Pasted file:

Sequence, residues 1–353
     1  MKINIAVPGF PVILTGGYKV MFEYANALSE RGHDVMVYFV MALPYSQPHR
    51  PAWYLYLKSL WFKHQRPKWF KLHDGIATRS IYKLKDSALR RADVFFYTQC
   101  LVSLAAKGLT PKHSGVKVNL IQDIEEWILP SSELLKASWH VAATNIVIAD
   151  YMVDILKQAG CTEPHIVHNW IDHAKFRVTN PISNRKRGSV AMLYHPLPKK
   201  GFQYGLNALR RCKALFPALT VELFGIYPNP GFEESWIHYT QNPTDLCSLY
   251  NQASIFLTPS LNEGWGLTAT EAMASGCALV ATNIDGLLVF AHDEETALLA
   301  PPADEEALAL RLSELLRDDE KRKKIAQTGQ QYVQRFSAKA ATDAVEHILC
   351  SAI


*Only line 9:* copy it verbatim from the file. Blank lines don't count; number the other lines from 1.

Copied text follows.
   351  SAI